Alec shared this tutorial with us for using rgb channels as mattes in Nuke.
I wondered if there was a similar method to use in After Effects and found this:
This method uses keying>colour key to key out a particular colour. I found that this did not work very well for masking my grass as the edge was not very accurate even after adjusting the ‘edge thin’.
I found that this method using the ‘shift channel’ effect was more accurate. Not only can the transparency be shifted to show only luminance/white but also to red, green or blue and then the selected area/alpha can be used as a matte for another layer.
While searching for information about using masks in After Effects I came across this article:
I thought that these notes in particular were interesting:
“The term alpha channel technically refers to the fourth (A) channel in an RGBA image file, regardless of whether that channel is used for communicating transparency information. However, since that fourth channel is used so often to communicate transparency information, the terms alpha and transparency have become nearly synonymous in common usage. It’s important to remember, though, that this connection is essentially arbitrary. Some formats may use other channels for transparency information, and other formats may use the fourth channel for something other than transparency information.”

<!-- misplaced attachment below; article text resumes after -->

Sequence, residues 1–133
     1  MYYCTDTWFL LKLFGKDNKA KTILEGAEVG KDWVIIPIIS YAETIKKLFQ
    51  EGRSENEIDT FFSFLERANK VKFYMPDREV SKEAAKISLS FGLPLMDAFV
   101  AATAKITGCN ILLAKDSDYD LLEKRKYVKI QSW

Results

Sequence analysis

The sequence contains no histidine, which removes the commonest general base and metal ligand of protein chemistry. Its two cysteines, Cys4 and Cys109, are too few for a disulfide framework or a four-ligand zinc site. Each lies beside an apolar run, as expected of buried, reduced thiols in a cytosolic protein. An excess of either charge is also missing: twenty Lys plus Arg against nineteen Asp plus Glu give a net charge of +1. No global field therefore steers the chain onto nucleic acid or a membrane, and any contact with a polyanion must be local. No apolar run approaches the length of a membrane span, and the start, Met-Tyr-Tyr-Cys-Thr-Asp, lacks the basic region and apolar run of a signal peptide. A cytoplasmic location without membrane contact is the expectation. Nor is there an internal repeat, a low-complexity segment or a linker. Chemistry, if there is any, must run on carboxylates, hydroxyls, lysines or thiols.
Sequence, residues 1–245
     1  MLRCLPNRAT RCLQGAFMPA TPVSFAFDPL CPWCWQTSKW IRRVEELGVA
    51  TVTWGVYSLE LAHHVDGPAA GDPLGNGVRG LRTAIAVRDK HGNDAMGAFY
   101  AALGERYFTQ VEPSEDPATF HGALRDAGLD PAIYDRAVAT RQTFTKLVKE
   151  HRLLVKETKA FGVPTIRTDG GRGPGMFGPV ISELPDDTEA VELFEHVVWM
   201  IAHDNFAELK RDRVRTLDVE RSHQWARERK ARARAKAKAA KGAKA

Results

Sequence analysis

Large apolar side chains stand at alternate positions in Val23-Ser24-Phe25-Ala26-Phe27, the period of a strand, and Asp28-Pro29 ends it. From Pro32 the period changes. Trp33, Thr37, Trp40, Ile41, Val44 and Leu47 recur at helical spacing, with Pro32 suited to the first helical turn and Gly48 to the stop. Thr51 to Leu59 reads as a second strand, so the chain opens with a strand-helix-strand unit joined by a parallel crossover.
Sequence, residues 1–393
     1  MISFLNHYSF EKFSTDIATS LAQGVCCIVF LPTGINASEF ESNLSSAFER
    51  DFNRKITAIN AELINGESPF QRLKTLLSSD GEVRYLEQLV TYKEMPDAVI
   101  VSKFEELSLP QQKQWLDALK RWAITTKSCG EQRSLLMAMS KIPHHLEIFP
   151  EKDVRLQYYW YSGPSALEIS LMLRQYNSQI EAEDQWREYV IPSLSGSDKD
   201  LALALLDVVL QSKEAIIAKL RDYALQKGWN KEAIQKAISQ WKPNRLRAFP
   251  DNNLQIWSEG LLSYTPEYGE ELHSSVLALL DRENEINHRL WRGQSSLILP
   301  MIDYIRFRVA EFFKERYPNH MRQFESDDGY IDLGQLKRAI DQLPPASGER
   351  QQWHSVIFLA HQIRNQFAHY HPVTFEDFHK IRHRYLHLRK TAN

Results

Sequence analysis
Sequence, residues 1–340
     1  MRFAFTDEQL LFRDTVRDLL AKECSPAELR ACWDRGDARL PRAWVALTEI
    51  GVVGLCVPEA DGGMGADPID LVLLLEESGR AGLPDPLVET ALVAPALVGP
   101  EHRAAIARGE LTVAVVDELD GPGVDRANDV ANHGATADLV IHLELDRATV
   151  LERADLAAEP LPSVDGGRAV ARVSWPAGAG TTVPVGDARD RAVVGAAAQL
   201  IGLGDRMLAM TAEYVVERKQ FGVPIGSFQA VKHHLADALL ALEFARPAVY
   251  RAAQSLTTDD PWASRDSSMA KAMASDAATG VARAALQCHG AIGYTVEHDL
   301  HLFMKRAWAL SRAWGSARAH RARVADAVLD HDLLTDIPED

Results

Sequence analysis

…”A matte is a layer (or any of its channels) that defines the transparent areas of that layer or another layer. White defines opaque areas, and black defines transparent areas. An alpha channel is often used as a matte, but you can use a matte other than the alpha channel if you have a channel or layer that defines the desired area of transparency better than the alpha channel does, or in cases where the source image doesn’t include an alpha channel.”
“…A mask in After Effects is a path that is used as a parameter to modify layer attributes, effects, and properties. The most common use of a mask is the modification of an alpha channel of a layer, which determines the transparency of the layer at each pixel.”